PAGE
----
MBA interview tips
Recommendations and Interviews
Most business schools require an interview and three recommendations. These give you an opportunity to show your skills,
personality, and drive in a way that test scores and transcripts do not.
It is useful to have an idea of what you consider to be your greatest strength and why before you go into an interview.
Although the interviewer will most likely ask some pointed questions, you may also encounter something as broad as "So, tell
me about yourself." Either way, you should have in mind what you want to convey about who you are before you go into any interviewer.
What are your strengths, what are some examples that show this, why are you right for that particular business school,
why is that particular program right for you? It shows particular organization and forethought if you know some specifics about
the program to which you are applying and can explain why those features fit well with your personality/ career goals.
For example, if you are applying to the Wharton school, through some simple research you will discover that they consider
themselves particularly strong in international business. Perhaps you speak several languages, are a foreign student,
or have work experience with a company does a lot of business abroad. These are things you should have prepared to discuss
in advance. Consider yourself in control in an interview. Answer the questions that are posed to you, but have in mind a few key
things that you want to convey, and make sure that you get them in. You want use the opportunity to show how you are different
from the thousands of other applicants, not to blend in to the crowd. Also, don't waste time discussing things that are already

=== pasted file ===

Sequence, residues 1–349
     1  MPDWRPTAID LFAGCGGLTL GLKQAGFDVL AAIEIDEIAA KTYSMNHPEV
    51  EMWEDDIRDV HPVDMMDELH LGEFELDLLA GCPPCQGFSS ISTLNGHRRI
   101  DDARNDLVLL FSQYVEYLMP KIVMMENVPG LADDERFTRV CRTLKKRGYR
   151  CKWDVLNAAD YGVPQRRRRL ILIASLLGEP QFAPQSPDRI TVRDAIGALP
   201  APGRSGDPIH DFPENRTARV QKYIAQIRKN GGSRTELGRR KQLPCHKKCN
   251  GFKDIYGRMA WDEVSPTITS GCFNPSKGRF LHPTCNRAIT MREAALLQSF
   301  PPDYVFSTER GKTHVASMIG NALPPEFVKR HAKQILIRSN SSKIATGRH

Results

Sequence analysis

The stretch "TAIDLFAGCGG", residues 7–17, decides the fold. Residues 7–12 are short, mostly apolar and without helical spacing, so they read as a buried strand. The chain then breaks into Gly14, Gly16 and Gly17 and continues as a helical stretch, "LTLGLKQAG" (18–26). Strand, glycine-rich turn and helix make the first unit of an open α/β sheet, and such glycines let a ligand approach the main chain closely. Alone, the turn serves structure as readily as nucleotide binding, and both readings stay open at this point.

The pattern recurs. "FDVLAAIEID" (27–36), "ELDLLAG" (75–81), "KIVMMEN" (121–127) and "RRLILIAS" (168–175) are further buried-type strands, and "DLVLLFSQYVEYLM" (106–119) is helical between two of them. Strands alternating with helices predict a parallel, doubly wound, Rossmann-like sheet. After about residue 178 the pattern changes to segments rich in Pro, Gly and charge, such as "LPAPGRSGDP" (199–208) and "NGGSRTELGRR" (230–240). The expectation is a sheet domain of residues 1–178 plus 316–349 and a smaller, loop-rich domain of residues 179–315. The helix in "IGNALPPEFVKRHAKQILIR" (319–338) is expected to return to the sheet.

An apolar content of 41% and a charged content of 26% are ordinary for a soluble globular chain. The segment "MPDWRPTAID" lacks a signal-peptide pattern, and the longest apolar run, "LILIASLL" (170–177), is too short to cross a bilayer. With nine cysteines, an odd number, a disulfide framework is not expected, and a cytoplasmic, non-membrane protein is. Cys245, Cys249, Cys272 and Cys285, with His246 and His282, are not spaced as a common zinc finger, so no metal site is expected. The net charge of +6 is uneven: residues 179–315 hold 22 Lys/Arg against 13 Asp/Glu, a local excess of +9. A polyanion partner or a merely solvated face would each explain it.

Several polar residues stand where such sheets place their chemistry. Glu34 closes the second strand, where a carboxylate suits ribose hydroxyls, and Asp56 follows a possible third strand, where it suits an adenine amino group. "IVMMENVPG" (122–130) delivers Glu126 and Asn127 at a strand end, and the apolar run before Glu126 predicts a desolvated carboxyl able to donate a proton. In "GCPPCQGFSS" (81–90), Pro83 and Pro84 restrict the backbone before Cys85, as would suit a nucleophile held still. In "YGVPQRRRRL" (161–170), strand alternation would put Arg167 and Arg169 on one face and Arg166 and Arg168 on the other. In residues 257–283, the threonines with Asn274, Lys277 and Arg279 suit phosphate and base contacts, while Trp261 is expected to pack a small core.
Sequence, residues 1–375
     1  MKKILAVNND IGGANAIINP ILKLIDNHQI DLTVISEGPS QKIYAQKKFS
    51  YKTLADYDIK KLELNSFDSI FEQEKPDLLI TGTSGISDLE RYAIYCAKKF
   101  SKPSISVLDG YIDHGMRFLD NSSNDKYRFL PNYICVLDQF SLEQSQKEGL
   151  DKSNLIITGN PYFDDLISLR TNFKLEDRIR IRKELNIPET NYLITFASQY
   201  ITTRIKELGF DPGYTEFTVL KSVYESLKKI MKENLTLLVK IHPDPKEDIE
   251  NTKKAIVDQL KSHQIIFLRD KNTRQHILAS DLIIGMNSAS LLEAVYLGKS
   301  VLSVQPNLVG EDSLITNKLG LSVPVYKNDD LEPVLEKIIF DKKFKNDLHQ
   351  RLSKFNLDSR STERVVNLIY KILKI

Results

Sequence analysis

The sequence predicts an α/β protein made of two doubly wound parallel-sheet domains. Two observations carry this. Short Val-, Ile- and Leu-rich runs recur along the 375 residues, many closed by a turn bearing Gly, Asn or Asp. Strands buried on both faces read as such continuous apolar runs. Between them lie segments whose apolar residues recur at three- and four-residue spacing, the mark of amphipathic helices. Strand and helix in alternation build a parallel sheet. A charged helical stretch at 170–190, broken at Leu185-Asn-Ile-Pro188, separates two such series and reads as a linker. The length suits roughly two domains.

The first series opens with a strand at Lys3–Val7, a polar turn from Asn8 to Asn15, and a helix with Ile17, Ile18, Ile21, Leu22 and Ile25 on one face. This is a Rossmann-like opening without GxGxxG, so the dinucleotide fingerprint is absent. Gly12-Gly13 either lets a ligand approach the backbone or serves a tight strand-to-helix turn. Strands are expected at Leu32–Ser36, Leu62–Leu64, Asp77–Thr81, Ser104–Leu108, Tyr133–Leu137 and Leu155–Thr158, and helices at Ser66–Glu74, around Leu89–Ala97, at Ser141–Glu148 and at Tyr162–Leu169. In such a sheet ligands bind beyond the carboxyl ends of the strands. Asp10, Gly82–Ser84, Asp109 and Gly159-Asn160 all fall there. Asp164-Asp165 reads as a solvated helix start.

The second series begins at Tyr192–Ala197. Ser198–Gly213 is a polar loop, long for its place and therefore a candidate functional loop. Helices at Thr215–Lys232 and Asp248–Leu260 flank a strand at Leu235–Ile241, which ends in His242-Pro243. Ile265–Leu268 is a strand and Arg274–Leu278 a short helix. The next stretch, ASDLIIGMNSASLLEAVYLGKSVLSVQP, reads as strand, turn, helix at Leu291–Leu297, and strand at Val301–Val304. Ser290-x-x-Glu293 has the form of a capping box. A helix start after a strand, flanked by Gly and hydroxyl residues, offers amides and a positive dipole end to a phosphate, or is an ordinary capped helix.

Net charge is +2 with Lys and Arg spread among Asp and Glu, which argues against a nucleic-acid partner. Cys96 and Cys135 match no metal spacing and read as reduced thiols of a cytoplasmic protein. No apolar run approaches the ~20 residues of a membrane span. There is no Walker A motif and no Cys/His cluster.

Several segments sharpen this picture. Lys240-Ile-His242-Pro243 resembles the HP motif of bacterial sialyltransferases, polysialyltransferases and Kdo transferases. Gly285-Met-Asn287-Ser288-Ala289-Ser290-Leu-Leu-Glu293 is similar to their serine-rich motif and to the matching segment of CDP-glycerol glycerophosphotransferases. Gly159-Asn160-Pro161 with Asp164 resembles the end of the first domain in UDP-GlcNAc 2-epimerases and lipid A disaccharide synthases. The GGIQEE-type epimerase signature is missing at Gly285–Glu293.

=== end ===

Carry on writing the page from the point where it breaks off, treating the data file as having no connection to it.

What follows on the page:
clearly indicated on your application. You can elaborate if the topic illustrates something about your character and
preparedness for the b-school experience, but you cannot afford to be redundant.
The same applies to the recommendations that you choose. Choose three diverse individuals to recommend you. All should know
you well, but in different capacities. One professional, one personal, and one academic is usually a good combination,
but you will know what's best when you sit down and consider what traits you want the committee to see and who best recognizes
those in your character. It is often a difficult decision to decide whether or not you should let your current employer know you
are leaving by asking a supervisor for a recommendation. This call is different in each situation, but keep in mind that most
employers today hire with the knowledge that their smart, young employees will seek further education after a few years.
Whatever the case may be, you should, of course, choose accomplished individuals who write well. It says a lot to the committee
when impressive people are impressed by you.